One of the questions I’ve been asking myself over the last three months has been, “How much should I spend on marketing and advertising on a per client basis?” Essentially, I’m trying to figure out how much is too much so I’m not wasting money and eroding my net income. Determining this value could also be useful when planning my monthly clothing expense budget.
I just finished a great book called, Buying Customers: Revolutionary new rules for you to get more customers with far less money, by Brad Sugars. In his book, Sugars discusses the importance of looking at marketing and lead generation as an investment rather than an expense. Why is that?
Well … when you calculate the Lifetime Value of your average client or customer, you might realize that you can spend more than you thought to attract new clients or “assets” to your business.
This week I took the time to determine the Lifetime Value of my average client as well as my highest spending clients. Here’s what I discovered:
First, I wanted to look at the value of an average client in 2016. To calculate this, I took my annual sales divided by the number of active members and came up with $1,675. Our clients on Pure Barre Platinum (12-month contract) pay $139 x 12 months = $1,668, so I find it valuable to know that an average client would spend about $140 each month on classes and clothing.
Next, I ran a “Big Spenders” report in MindBody, which is the client management software we use at my studios, to determine the value of my top clients in 2016. My top 100 clients, or the top spending 100 clients, had an average annual value of $2,545. My top 10 clients, or the 10 clients who spent the most at my studios, had an average annual value of $4,097! This means my very best clients were spending about $341 each month or 144% more than my average client!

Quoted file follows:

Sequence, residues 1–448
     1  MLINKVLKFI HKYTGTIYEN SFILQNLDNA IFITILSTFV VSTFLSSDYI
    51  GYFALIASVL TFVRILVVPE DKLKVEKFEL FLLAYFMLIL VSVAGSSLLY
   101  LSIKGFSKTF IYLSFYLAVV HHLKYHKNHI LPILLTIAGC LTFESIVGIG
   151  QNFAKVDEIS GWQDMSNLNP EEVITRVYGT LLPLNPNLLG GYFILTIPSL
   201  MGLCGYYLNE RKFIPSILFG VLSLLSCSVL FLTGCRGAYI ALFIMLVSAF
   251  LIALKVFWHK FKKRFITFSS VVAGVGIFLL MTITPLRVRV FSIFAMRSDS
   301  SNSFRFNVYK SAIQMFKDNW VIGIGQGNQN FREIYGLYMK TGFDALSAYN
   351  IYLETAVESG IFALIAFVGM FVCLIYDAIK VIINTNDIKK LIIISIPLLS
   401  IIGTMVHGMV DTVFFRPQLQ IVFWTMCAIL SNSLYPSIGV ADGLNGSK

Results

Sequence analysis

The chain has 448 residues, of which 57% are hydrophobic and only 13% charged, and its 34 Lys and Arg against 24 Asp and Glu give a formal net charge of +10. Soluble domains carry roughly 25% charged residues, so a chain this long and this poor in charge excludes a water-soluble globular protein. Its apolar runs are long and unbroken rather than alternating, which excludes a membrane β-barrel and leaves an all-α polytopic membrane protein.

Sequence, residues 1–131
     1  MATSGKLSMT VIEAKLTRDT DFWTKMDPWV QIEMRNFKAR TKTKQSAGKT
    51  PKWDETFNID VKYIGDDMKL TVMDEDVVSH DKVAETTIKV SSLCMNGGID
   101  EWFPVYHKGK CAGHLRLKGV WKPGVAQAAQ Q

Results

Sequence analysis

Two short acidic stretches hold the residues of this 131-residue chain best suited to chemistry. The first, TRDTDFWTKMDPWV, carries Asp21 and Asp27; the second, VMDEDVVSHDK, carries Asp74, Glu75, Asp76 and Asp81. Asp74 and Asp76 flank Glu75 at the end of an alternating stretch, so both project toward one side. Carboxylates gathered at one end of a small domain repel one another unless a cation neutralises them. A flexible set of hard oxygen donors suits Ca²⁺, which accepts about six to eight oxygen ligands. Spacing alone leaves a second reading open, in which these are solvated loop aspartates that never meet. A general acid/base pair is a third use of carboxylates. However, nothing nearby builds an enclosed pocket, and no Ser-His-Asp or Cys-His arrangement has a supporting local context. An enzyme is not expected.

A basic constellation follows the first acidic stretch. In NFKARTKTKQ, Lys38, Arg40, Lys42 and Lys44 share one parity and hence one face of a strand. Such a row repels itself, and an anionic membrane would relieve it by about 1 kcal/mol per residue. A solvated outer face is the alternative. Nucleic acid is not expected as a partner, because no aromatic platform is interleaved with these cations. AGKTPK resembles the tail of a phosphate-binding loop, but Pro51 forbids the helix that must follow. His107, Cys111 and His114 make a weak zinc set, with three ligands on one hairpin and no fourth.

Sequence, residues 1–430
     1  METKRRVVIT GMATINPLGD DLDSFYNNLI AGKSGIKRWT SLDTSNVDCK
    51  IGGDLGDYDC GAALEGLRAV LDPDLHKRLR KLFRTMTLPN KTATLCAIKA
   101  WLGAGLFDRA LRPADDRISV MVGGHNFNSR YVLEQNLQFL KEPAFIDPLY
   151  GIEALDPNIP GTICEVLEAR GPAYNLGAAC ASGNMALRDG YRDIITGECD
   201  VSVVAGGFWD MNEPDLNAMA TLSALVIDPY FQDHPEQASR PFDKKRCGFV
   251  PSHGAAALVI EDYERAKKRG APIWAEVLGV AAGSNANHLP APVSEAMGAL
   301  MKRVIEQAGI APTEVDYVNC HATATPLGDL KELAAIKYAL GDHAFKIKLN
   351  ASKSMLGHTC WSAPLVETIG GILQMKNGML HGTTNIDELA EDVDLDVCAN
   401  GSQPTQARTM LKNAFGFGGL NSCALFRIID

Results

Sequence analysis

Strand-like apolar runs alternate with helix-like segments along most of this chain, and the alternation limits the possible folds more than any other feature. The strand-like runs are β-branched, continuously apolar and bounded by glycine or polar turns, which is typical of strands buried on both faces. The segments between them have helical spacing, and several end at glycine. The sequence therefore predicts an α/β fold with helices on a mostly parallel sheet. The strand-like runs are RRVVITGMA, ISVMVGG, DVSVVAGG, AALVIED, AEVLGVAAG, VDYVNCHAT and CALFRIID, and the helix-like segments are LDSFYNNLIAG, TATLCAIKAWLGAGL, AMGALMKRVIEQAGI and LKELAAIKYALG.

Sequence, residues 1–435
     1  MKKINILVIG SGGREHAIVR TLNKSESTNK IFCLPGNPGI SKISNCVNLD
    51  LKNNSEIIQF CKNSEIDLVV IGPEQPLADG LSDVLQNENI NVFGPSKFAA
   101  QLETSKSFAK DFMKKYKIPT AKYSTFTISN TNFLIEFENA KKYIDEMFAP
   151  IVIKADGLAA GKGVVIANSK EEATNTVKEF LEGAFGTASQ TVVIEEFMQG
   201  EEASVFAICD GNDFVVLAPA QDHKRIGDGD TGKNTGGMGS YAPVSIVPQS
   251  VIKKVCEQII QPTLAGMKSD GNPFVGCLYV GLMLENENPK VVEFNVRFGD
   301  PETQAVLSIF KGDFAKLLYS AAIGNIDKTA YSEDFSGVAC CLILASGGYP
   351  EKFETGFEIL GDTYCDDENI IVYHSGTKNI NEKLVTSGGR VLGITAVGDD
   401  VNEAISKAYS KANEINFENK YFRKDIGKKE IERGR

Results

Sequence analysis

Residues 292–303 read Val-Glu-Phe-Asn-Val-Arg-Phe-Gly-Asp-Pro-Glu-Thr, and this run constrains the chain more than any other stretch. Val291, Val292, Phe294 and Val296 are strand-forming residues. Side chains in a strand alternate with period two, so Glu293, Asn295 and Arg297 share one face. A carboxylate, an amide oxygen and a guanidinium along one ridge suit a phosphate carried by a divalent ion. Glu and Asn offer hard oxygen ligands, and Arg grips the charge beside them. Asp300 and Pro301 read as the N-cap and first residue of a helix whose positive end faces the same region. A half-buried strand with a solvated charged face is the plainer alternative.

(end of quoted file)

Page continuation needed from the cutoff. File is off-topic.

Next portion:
But these are just annual average values and my typical client stays on for about 3 years. This number was a little tricky to determine, but I did the best I could looking at my top 20 clients and how long they’d been taking class. Then I did a simple average to come up with the 3 years.
Based on this information, the Lifetime Value of my average client is $5,025 and the Lifetime Value of my top clients is $12,291. Or is it? Each client usually refers at least one friend, so the Lifetime Value of each client at my studios is between $10,050 and $24,582!
What does this mean? Well, if we don’t get a client to purchase a package beyond our $99 Intro Month, we’ve lost not the value of the next package, but potentially $25,000 or more depending on how many friends that client refers. Yikes!
It also means that I now have a baseline from which to determine my marketing and advertising expenditures to attract new clients. If the average client has a Lifetime Value of $10,050, then I can probably spend a little more money than what I have been to acquire new clients. Specifically, I want to host more events at the studios to promote our Pure Barre community and now I know that spending that extra money makes sense, especially if I can attract more people like my top clients.
Cue the G.I. Joe public service announcement!
I’ve received several inquiries over the last few weeks about what makeup and skincare products I use. I’ll share my skincare routine with you in my next post.
I’ve also made significant progress writing my book on how to run a successful fitness studio—it’s almost done and I’ve started having discussions about publishing. This means I’ll be able to increase my posts pretty soon. Good times!
Until then, stay on your toes!
Buying Customers: Revolutionary new rules for you to get more customers with far less money, Brad Sugars